stefan: ausbildung* + fhwt-se*

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  1. This blog poses a rather radical premise. It suggests that Refactorings have counterparts called Transformations. Refactorings are simple operations that change the structure of code without changing it’s behavior. Transformations are simple operations that change the behavior of code.
    https://8thlight.com/blog/uncle-bob/2...TheTransformationPriorityPremise.html
    Schlagwörter: , , , , von Stefan Macke (2017-01-28)
    Stimmen: 0
  2. -
    https://kotlinlang.org/docs/reference/generics.html
    Stimmen: 0
  3. There are lots of pieces of code that are embedded in places that make it very hard to test. Sometimes these bits are essential to the correct operation of your program and could have complex state machines, timeout conditions, error modes, and who knows what else. However, unfortunately, they are used in some subtle context such as a complex UI, an asynchronous callback, or other complex system. This makes it very hard to test them because you might have to induce the appropriate failures in system objects to do so. As a consequence these systems are often not very well tested, and if you bring up the lack of testing you are not likely to get a positive response.
    http://blogs.msdn.com/b/ricom/archive...in-any-system-unit-test-friendly.aspx
    Schlagwörter: , , , von Stefan Macke (2016-01-30)
    Stimmen: 0
  4. I remember reading the original GitFlow article back when it first came out. I was deeply unimpressed - I thought it was a weird, over-engineered solution to a non-existent problem. I couldn't see a single benefit of using such a heavy approach. I quickly dismissed the article and continued to use Git the way I always did (I'll describe that way later in the article). Now, after having some hands-on experience with GitFlow, and based on my observations of others using (or, should I say more precisely, trying to use) it, that initial, intuitive dislike has grown into a well-founded, experienced distaste. In this article I want to explain precisely the reasons for that distaste, and present an alternative way of branching which is superior, at least in my opinion, to GitFlow in every way.
    http://www.endoflineblog.com/gitflow-considered-harmful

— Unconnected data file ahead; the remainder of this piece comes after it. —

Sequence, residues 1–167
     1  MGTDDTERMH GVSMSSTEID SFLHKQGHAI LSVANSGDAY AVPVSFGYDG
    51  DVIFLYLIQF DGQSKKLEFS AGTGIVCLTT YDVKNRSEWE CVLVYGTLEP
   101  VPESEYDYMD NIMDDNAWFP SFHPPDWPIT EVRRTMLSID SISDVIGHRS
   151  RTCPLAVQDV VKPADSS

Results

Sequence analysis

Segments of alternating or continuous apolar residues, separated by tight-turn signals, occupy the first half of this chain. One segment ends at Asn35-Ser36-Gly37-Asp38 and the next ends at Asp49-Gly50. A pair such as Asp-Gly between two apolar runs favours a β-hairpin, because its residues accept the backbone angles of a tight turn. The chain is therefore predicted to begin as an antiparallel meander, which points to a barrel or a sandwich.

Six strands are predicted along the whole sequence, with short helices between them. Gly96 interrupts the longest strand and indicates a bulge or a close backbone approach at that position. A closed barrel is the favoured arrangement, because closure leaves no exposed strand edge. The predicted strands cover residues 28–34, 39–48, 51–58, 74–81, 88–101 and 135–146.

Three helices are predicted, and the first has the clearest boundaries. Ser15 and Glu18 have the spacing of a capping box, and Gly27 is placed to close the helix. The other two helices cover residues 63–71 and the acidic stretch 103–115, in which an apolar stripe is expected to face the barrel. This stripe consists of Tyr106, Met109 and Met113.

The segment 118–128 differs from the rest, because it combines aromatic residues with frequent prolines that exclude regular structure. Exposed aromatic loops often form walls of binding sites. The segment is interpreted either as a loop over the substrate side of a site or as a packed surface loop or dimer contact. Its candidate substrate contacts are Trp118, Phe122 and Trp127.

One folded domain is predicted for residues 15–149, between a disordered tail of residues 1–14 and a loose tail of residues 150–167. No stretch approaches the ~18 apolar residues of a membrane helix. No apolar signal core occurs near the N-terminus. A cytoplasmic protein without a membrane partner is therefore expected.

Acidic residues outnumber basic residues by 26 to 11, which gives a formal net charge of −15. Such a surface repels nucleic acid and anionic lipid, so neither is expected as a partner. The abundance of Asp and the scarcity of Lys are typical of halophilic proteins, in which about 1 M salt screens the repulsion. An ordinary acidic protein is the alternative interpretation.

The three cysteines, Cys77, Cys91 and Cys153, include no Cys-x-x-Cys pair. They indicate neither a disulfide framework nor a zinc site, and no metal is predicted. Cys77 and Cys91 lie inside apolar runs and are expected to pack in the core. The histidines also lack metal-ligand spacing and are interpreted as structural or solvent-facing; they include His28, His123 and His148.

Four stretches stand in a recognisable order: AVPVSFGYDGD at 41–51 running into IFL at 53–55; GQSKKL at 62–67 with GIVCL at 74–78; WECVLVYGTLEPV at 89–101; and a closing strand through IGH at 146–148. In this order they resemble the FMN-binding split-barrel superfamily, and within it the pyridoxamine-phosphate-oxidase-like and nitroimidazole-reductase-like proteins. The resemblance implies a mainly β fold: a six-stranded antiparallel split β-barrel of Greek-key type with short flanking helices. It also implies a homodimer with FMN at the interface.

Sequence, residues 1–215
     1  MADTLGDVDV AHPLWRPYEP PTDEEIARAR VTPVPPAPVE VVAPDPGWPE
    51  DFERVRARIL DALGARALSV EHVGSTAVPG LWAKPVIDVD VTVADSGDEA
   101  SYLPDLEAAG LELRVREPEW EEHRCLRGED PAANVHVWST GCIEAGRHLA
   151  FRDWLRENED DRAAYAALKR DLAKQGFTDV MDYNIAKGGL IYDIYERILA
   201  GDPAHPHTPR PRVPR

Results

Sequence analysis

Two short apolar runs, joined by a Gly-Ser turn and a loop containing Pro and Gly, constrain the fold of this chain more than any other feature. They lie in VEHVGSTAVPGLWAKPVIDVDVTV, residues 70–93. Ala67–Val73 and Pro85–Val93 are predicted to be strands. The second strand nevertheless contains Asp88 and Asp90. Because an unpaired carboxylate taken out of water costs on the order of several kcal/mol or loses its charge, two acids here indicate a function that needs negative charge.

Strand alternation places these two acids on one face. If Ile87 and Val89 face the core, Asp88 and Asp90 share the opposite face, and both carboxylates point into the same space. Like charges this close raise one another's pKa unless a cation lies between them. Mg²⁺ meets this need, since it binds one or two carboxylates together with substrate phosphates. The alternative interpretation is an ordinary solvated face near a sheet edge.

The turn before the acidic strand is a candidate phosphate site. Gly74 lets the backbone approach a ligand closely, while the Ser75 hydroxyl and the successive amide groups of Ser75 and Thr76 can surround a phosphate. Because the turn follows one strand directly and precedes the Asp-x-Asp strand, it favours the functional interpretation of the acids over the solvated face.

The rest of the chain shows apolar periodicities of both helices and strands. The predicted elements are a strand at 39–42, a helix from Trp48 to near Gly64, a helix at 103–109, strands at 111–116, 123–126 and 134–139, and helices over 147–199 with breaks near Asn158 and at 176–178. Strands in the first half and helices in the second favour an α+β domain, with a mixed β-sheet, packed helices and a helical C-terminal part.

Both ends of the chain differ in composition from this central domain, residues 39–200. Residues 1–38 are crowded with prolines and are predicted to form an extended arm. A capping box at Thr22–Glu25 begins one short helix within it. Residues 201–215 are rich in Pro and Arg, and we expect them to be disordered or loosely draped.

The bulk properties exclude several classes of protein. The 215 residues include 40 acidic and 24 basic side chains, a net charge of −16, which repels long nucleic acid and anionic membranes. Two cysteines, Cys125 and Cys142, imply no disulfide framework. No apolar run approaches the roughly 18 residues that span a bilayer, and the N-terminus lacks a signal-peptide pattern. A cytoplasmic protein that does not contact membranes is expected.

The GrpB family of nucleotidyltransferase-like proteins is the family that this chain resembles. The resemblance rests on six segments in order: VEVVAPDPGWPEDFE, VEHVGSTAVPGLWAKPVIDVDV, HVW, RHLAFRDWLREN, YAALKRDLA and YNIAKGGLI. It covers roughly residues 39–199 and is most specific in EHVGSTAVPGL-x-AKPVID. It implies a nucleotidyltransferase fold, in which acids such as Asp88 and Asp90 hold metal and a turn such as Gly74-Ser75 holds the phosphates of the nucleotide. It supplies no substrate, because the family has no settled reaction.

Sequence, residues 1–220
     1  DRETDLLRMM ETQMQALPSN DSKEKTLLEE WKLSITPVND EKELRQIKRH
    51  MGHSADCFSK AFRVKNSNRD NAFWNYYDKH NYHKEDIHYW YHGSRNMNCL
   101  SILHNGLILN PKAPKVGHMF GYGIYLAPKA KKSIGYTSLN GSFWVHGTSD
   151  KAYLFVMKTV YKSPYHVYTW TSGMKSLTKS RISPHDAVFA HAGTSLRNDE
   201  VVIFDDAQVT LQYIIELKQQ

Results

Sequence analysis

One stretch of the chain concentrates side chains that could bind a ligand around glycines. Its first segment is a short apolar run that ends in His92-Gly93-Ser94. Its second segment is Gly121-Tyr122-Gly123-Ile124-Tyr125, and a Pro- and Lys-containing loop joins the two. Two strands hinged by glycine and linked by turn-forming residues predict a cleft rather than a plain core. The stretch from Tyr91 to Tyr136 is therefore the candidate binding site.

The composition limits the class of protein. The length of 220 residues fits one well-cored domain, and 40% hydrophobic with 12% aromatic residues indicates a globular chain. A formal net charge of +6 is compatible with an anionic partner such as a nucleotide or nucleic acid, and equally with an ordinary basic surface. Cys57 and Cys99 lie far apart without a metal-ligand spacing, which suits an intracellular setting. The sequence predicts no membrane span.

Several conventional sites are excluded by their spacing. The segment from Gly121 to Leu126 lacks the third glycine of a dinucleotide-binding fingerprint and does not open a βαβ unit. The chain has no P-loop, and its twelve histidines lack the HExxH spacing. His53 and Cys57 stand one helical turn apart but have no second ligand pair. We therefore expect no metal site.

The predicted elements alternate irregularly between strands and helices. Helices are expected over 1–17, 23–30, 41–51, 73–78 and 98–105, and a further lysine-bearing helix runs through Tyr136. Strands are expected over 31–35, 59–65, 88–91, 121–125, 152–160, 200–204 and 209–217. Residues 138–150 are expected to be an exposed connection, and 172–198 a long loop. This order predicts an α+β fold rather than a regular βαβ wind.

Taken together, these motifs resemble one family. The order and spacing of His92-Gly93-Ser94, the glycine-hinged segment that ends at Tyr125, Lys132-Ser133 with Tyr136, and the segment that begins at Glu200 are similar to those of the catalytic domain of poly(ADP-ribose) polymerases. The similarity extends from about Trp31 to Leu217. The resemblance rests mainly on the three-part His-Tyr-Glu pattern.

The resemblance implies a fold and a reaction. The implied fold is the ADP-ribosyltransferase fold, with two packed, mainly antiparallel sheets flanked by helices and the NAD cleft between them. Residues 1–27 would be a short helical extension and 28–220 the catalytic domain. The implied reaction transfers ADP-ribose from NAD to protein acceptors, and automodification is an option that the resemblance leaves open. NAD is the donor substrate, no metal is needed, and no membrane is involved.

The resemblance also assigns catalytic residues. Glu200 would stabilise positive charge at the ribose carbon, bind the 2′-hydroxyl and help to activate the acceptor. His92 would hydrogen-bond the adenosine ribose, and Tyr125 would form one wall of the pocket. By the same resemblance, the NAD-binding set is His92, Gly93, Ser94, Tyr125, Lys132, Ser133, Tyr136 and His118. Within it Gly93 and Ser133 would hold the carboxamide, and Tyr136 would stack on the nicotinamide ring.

Schlagwörter: , , , , von Stefan Macke (2016-01-30)
    Stimmen: 0
  5. A taxonomy of version control strategies for and against Continuous Integration
    This series of articles describes a taxonomy for different types of Feature Branching – developers working on branches in isolation from trunk – and how Continuous Integration is impacted by Feature Branching variants.
    http://www.alwaysagileconsulting.com/articles/version-control-strategies
    Schlagwörter: , , , , von Stefan Macke (2016-01-30)
    Stimmen: 0
  6. Even though more than 20 years have passed, I still remember wondering what it would be like to finish university and start working. Up until that point, I had pretty much spent my whole life in school, with only a few, non-programming summer jobs thrown in. My expectations of what it would be like to work as a software developer were mostly correct, but there were a few surprises in the first few years, and here are the top five
    http://henrikwarne.com/2012/08/22/top...-starting-out-as-a-software-developer
    Schlagwörter: , , , von Stefan Macke (2015-10-03)
    Stimmen: 0
  7. -
    http://algosaur.us/data-structures-basics
    Stimmen: 0
  8. -
    http://blog.takipi.com/4-out-of-5-jav...elopers-failed-to-solve-this-question
    Schlagwörter: , , , , , von Stefan Macke (2015-08-04)
    Stimmen: 0
  9. -
    http://www.javaworld.com/article/2894...essons-of-programming-graybeards.html
    Schlagwörter: , , , , von Stefan Macke (2015-05-17)
    Stimmen: 0
  10. The Java platform includes a variety of ways to iterate over a collection of objects, including new options based on features introduced in Java 8. In this article John Moore revisits the Iterator design pattern with attention to the difference between active and passive iterators. Learn how Java 8's forEach() method and features of the Stream API can help you fine-tune and parallelize the behavior of Java iterators, then conclude with some performance benchmarks that might surprise you.
    http://www.javaworld.com/article/2461...ating-over-collections-in-java-8.html
    Stimmen: 0

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